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US Defense Secretary Robert Gates, left, and Chairman of the Joint Chiefs Admiral Mike Mullen speak during a press conference at the Pentagon in Washington. (Jim Watson/AFP/Getty Images)
US Defense Secretary Robert Gates, left, and Chairman of the Joint Chiefs Admiral Mike Mullen speak during a press conference at the Pentagon in Washington. (Jim Watson/AFP/Getty Images)

'Extreme fiscal duress' forces big cuts to U.S. military Add to ...

The vast, powerful American military - politically untouchable since 9/11 - faces sweeping cuts in the new war on spiralling debt.

It's a battle other Western nations, including Canada, face. In the United States, the scale of Pentagon cuts is huge.

``More of nearly everything is simply not sustainable," said Defence Secretary Robert Gates, the only Bush-era cabinet secretary retained by President Barack Obama.

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Still the new threat looms. The United States faces "extreme fiscal duress," Mr. Gates admitted. Among the biggest casualties - a $14-billion runaway effort to build sophisticated new armoured expeditionary vehicles for the U.S. Marines and the problem-plagued vertical takeoff version of the new F-35 warplane.

But the cuts - estimated at $78-billion over five years on top of $100-million in savings Mr. Gates says can be slashed from Pentagon bloat - remain predicated on some risky assumptions. Not least, that Americans can come marching home in huge numbers from Afghanistan by the promised exit date of 2014, allowing both the army and the Marines to cuts tens of thousands from their ranks.

Even after cutting 27,000, the army would have 540,000 soldiers in 2015. The Marines would cut 20,000 to about 180,000.

"The Pentagon cannot presume to exempt itself from the scrutiny and pressure faced by the rest of our government," Mr. Gates said.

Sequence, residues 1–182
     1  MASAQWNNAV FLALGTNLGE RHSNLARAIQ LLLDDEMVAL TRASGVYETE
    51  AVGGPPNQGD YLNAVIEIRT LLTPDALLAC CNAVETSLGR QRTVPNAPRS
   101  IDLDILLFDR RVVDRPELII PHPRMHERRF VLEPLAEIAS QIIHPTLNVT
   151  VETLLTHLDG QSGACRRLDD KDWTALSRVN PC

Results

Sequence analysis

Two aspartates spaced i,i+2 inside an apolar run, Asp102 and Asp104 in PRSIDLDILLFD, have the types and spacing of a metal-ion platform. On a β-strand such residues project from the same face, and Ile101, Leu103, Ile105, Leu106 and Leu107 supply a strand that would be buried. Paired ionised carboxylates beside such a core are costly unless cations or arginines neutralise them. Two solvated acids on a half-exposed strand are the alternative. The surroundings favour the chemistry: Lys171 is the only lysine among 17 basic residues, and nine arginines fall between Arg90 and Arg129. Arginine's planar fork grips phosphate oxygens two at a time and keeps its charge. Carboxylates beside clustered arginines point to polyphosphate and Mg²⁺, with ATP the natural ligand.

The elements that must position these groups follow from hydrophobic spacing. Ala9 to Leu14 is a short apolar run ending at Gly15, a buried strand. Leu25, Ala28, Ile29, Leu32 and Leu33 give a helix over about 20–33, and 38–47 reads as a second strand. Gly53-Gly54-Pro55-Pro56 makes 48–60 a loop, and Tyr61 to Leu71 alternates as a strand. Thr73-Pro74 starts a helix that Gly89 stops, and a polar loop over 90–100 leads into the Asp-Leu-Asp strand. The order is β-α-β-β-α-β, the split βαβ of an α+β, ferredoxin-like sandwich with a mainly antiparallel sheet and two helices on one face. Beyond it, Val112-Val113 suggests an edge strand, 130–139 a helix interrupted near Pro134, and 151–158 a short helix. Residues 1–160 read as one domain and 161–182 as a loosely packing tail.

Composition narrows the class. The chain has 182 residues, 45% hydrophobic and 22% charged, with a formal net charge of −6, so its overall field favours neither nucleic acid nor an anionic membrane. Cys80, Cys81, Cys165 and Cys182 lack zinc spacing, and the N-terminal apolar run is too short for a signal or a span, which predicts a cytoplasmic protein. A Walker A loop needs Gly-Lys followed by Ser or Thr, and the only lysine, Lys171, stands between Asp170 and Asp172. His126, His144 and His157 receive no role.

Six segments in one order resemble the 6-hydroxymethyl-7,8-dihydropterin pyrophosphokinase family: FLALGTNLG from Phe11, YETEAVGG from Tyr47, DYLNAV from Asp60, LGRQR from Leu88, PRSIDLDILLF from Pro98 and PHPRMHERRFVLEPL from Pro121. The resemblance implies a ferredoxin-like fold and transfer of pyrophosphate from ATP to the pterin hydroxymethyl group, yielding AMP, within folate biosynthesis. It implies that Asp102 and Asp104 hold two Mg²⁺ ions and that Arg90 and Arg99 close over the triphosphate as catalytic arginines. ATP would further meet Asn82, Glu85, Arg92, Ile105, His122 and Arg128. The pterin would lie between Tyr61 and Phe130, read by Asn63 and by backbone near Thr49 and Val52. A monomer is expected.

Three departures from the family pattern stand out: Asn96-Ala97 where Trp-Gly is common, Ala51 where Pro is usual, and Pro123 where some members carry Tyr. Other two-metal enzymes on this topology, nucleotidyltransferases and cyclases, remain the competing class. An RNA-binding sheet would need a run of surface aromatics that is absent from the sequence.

But the new Republican majority in the House of Representatives may find itself under fire if military spending is slashed so severely that soldiers start suggesting the government is skimping on what's needed to win the war against Taliban insurgents in Afghanistan, and, more broadly, Islamic extremism.

Despite the proposed cuts, Pentagon spending will still grow to $553-billion - albeit at a smaller rate - next year. And the budget doesn't include the cost of fighting the war in Afghanistan or the drawdown in Iraq.

Battle lines were drawn within hours of Mr. Gates's announcement.

"I'm not happy," said Howard McKeon, a California Republican and the new chairman of the powerful House Armed Services Committee. "This is a dramatic shift for a nation at war and a dangerous signal from the commander-in-chief."

Other critics accused the Obama administration of a clever shell game, slashing a few big-ticket military programs but mostly moving the supposed savings to other programs.

Mr. Gates was digging in against attacks from those who want deeper defence cuts sooner.

He warned against those who would seek "drastic and ill-conceived cuts."

 

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